1790: The Panthéon
Innovation: Cast Iron Masonry Reinforcing, First Compression Tests on Building Materials
Location: Paris, France
By: Jean-Baptiste Rondelet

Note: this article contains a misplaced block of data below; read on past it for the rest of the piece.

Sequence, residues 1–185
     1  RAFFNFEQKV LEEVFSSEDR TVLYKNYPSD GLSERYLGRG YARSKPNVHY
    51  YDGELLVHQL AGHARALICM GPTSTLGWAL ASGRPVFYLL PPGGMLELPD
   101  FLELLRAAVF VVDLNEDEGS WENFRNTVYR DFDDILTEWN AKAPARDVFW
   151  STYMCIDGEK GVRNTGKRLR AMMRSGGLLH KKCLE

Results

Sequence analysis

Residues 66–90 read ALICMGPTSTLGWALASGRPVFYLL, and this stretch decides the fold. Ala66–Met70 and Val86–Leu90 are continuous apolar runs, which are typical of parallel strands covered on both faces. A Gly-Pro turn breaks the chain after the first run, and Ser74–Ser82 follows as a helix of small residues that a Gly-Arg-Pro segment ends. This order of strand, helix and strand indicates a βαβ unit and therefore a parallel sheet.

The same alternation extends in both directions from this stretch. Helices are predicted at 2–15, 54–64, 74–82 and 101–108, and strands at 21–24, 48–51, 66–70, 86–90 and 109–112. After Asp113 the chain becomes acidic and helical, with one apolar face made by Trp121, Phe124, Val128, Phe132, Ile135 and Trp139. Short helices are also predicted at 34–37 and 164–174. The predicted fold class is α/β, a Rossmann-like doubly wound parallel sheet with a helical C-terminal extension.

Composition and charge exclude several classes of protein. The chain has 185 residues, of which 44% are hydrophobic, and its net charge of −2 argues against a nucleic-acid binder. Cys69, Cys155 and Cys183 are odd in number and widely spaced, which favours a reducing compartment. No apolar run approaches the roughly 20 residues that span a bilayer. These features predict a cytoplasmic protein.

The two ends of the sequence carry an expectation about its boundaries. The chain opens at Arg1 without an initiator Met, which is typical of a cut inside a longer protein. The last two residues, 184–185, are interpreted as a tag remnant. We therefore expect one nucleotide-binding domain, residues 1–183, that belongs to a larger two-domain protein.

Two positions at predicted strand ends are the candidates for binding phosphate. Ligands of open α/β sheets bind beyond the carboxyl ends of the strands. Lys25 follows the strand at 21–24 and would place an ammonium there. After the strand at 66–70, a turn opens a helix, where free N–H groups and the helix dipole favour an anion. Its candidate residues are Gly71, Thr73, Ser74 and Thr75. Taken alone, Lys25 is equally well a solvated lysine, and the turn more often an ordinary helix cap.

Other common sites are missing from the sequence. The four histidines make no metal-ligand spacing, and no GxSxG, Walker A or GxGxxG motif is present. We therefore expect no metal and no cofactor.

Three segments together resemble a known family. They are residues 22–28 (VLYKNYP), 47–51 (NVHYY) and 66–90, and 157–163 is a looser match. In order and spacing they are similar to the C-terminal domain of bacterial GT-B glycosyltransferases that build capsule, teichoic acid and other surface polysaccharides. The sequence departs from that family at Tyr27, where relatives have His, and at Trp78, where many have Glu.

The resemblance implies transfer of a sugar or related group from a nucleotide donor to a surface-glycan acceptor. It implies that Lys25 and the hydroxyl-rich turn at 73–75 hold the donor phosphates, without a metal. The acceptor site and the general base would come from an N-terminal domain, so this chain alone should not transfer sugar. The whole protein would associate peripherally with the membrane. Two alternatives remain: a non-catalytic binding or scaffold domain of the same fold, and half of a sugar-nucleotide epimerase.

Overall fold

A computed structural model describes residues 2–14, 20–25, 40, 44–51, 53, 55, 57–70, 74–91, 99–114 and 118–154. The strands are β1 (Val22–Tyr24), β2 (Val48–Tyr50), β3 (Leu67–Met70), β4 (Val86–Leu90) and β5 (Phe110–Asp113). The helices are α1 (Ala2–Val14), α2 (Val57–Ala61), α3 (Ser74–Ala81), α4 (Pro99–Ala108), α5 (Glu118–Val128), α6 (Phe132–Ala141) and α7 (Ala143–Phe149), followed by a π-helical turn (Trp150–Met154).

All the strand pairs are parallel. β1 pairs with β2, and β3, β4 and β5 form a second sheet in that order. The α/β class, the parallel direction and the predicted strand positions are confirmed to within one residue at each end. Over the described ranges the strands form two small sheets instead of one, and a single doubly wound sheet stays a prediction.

The Pantheon in Paris, France was originally dedicated to St. Genevieve, but through many changes in its history, it now serves as a mausoleum for many of France’s most distinguished citizens. The original architect was Jacques-Germain Soufflot, and he wished to bring two of the old world’s most beautiful architectural forms, Classical Roman and Gothic, together in one amalgamation of high art. The church was an ambitious project because Soufflot wished to create more open space than was customary in churches at the time. This was achieved by combining the strong arches of Roman architecture with the lofty, slender columns often seen in Gothic cathedrals [1,2]. To prove to his critics that the design was stable, Soufflot created and performed the first systematic compression tests and resulting calculations showing that the slender columns had an appropriate cross-sectional area to sustain centered loads. Unfortunately Soufflot died before he could see his project through, and so his apprentice, Rondelet, took over. Rondelet was responsible for the reinforcing metal used in the masonry units of the flat arches supporting the massive pediment, and he specified the placement of reinforcing metal rings in the domes to resist thrusting. These particular innovations were very new to the architectural scene, and Rondelet had to face critics claiming that his method was against many of the design standards and philosophies of the time. One thing is very clear from this building, it paved the way for the how structural analysis, materials testing, and metal reinforcing would be carried out in modern architectural engineering.